Asheville Art Talk: Pysanky with Andrea Kulish

Andrea Kulish in her studio Photo courtesy of the artist

Pink is the predominant color at Andrea Kulish’s Studio A in the River Arts District. Pink paint covers the walls, pink dye colors Kulish’s hair and the studio itself is located at the former textile manufacturing and warehouse building on Depot Street, now known as Pink Dog Creative. Perhaps it is mere coincidence that the color symbolizes success and contentment within pysanky (pronounced pih-sahn-KIH), a Ukrainian craft and tradition that involves a wax-resistant method in designing and decorating eggs. Coincidence or not, since her arrival to Asheville in 2013, Kulish has fulfilled a lifelong dream of owning her own studio where, among other things, she teaches the Ukrainian art form.

A first generation Ukrainian-American, Kulish learned pysanky as a young girl. Her late mother, Ariadna, offered lessons in her own art studio based in Hudson, N.Y., where Kulish spent many of her afternoons lost in the art of decorating eggs.

The components for pysanky are fairly basic: An egg, dye, beeswax and a small funnel known as a kistka (which translates to “chicken bone,” although the tool itself — at least these days — is no longer made of such).

The process, however, is complex. Melted beeswax siphons through the kistka, just as ink would from a pen. Unlike ink, though, the beeswax is temporary, functioning as a mask. For these multicolored designs to exist, the egg is dyed one color at a time, beginning with the lighter shades of yellows and oranges before going into the darker shades of blues, purples and browns. With each dyed layer, additional designs are made, using the beeswax as a cover containing the specific color within that given stage. At the end of the cycle, the beeswax is melted off, revealing the multi-layered colors.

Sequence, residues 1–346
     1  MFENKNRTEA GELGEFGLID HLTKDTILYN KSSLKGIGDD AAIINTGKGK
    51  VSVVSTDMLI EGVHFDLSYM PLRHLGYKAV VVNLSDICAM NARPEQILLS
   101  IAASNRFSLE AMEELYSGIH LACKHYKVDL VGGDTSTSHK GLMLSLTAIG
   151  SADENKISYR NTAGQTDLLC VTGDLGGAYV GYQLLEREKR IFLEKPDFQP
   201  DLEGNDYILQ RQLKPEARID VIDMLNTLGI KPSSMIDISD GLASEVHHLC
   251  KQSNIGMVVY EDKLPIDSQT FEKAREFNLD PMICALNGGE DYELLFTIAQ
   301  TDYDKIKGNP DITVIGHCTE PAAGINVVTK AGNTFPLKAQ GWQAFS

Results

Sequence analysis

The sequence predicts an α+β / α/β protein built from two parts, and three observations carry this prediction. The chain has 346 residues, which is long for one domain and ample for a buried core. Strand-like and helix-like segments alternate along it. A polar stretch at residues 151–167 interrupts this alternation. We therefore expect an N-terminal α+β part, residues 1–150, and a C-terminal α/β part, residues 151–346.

Pysanky eggs
Pysanky eggs, photo by Thomas Calder

Pysanky is an art form that requires much foresight into the overall color scheme and design. It is also a patience game that demands a person’s complete attention. Perhaps for these reasons, many businesses have hired Kulish to lead workshops on the craft as both a team-building exercise and a symbolic gesture of the nuances that go into a successful operation.

Symbolism itself informs many of the designs used in pysanky. Leaves and flowers suggest life, pine needles promise youth and health, deer and horses hold wealth and prosperity, birds symbolize fertility and the fulfillment of wishes.

Birds themselves are also a source of great inspiration for Kulish. Since arriving to Asheville, she has become an avid birdwatcher — their movements and flight are the only things that truly relaxes her.

Appreciation for these winged creatures has led to the incorporation of birds into many of Kulish’s works; works that extend beyond pysanky that include handmade lamps, graphic designs, woodblock prints and note cards. For a woman whose dream involved following her mother’s footsteps, it comes as no surprise that Kulish’s appreciation for birds might have also stemmed from her mother’s own. The very art studio Kulish grew up in was named the Owl’s Nest. And some of her current works incorporate her late mother’s bird designs.

Throughout January, Kulish will teach a four-week course in pysanky at UNC Asheville, as a part of the university’s OLLI program. Her work will also be featured in a Pink Dog Creative group show running from Thursday, Jan. 21 to Sunday, Feb. 21, at The Junction. As Easter nears, Kulish will also be opening up registration for her studio-based classes in pysanky, where she will lead attendees through the Ukrainian craft, just as her mother had those many years ago.

For more information or to register for a workshop, visit Kulish’s website,


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About Thomas Calder
Thomas Calder received his MFA in Fiction from the University of Houston's Creative Writing Program. His writing has appeared in Gulf Coast, the Miracle Monocle, Juked and elsewhere. His debut novel, The Wind Under the Door, is now available.

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